The Secret to Financial Success is…

by James & Miel on November 29, 2007 · 0 comments

to avoid taking responsibility for anything that eats. At least thats the advice being dispensed by Jonathan D Pond in his new book, Grow Your Money: 101 Easy Tips to Plan, Save and Invest!

We received Pond’s latest from Harper Collins several weeks ago but didn’t get a chance to attend to it until now. I ended up cracking the book late last night and was pleasantly surprised by the quality of the writing and advice it offered.

Grow Your Money is divided into 14 chapters. Each of these addresses an important aspect of personal finance. There are chapters on accumulating real wealth, proper use of debt, improving your investment returns, minimizing your tax obligations, and making money decisions part of your healthy family life. The author is additionally a long time financial planner and writer with a long career in personal finance, so like the kids say, he’s “legit”.

Not only is Grow Your Money an amusing read, Pond offers sound and nuanced advice. For example, he basically says the purpose of budgeting is to help increase your savings rate – but he recognized that not everyone is the same – so he recommends three strategies for people who aren’t into budgeting. Each strategy has got a nifty title.

Platinum: – Pond recommends that if you are saving already, but want to save more you should gradually boost the amount you save. The main reason to do this is to avoid drastic changes to your income that might cause bounced checks or other problems.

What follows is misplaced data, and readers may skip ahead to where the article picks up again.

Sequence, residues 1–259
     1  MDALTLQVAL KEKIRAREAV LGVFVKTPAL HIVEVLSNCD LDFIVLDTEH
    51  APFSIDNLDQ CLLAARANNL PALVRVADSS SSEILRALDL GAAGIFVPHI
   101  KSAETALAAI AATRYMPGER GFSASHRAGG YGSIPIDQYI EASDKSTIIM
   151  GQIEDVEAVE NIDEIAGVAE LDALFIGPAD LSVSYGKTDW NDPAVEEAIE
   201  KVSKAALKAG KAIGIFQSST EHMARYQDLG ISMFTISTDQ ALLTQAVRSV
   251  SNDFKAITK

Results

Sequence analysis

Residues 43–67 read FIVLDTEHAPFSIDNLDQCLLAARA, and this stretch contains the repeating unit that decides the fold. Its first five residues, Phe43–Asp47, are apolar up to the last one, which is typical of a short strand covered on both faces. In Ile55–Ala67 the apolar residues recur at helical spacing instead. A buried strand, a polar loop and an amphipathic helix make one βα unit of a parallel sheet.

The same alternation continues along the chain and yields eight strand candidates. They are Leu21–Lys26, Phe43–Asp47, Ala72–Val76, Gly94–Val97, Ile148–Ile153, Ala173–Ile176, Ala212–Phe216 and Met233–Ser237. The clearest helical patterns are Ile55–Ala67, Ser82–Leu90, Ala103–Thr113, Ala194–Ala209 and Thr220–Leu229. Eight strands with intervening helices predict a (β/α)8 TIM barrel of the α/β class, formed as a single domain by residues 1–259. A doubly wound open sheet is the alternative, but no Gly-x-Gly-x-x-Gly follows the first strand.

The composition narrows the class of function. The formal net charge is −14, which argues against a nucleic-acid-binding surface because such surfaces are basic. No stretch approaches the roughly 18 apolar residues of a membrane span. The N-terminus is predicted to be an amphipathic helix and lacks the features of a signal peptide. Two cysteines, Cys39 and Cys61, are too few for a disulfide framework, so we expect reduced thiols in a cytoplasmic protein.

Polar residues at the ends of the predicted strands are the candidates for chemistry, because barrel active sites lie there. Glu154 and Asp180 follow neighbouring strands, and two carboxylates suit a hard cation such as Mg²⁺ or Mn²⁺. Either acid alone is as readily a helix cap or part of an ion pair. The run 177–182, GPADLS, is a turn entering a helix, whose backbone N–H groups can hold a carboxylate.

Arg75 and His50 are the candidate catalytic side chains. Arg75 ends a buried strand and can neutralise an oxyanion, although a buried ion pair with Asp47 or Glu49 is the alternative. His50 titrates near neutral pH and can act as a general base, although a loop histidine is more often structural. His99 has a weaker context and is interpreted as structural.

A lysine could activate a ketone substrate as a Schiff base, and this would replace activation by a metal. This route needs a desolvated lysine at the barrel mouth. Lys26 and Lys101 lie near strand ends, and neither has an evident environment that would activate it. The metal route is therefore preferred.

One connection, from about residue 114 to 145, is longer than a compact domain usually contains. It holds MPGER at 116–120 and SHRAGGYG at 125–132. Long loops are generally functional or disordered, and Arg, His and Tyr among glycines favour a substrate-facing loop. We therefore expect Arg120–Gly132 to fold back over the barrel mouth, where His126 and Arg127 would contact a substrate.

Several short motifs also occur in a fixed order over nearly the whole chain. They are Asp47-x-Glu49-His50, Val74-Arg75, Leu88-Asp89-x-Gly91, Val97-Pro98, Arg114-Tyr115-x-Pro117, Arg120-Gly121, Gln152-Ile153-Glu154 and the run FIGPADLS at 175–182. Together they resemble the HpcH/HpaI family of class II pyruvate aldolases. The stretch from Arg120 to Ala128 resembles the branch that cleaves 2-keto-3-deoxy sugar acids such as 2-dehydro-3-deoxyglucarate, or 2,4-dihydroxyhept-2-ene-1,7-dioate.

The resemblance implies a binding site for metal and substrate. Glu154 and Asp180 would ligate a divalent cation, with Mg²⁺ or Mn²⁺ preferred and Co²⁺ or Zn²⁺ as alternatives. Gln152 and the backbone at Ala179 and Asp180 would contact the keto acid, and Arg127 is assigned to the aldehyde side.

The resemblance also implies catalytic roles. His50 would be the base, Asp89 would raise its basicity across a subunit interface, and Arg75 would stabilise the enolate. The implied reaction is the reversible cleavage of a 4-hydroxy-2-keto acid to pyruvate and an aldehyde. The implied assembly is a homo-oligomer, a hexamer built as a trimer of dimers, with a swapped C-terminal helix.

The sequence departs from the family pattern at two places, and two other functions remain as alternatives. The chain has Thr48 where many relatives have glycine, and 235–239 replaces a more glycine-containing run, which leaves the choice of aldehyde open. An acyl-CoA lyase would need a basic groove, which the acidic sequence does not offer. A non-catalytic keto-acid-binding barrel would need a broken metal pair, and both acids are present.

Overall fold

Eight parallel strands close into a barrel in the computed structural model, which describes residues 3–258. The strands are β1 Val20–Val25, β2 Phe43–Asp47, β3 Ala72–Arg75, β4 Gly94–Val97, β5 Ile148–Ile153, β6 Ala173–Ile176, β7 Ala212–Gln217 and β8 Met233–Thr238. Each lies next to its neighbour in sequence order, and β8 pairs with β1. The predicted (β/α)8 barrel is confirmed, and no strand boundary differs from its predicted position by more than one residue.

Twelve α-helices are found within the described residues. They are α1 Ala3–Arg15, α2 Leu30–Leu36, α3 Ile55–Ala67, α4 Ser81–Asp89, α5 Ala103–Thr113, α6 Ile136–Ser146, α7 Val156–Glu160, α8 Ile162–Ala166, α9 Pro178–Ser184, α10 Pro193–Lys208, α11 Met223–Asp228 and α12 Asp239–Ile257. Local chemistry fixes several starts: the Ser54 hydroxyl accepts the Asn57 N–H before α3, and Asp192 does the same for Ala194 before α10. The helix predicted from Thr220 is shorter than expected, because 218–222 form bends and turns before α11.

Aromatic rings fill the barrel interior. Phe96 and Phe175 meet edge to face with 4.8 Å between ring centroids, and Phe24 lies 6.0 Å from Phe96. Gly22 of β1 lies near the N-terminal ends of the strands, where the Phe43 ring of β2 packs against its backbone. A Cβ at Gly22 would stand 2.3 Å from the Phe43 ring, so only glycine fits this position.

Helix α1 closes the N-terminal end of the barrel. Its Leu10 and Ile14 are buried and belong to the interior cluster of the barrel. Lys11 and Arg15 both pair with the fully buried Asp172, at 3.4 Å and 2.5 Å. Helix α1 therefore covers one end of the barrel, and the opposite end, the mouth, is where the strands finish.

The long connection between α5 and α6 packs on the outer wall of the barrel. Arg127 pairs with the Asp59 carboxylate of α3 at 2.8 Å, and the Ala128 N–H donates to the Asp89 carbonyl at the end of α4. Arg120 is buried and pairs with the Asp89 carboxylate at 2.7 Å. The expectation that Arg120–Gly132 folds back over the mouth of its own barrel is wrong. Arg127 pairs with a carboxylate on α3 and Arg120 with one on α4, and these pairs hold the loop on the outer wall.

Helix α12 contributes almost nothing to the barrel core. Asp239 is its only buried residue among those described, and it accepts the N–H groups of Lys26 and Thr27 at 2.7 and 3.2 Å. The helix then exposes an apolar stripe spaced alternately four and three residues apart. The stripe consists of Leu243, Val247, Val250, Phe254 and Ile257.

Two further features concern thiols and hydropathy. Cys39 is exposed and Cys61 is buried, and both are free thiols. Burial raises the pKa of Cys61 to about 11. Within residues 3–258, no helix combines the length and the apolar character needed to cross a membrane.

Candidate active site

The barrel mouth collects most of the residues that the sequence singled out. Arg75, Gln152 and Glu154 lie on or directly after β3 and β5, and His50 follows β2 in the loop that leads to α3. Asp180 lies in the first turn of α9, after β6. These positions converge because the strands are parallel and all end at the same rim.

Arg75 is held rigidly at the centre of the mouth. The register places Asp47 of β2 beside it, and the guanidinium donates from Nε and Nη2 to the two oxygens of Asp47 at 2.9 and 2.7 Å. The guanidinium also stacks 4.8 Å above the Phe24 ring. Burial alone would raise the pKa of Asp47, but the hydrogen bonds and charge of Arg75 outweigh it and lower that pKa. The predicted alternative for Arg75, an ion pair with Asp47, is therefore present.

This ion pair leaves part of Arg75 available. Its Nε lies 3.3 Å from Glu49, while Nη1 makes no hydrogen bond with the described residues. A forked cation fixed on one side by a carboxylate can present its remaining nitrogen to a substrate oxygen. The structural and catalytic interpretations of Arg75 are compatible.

Gold: – Pond says if you’re starting from scratch the thing to do is save 1% of your salary or $20 a week. With such as small amount, you probably won’t notice it. Over time you’ll be able to boost your savings rate.

Silver: – When you’re really strapped and can’t save at all, pay cash. If you are handing over your hard earned money on your day to day spending, you’ll understand the impact of your purchases, so you’ll better focus your spending priorities.

All in all, I’m giving Pond’s book a buy recommendation. Its an easy read thats chock full of sound advice. Some of the books sent to us here at the DINKs are less than perfect, so its nice to see that personal finance literature can still be informative without being dull.

Best,

James

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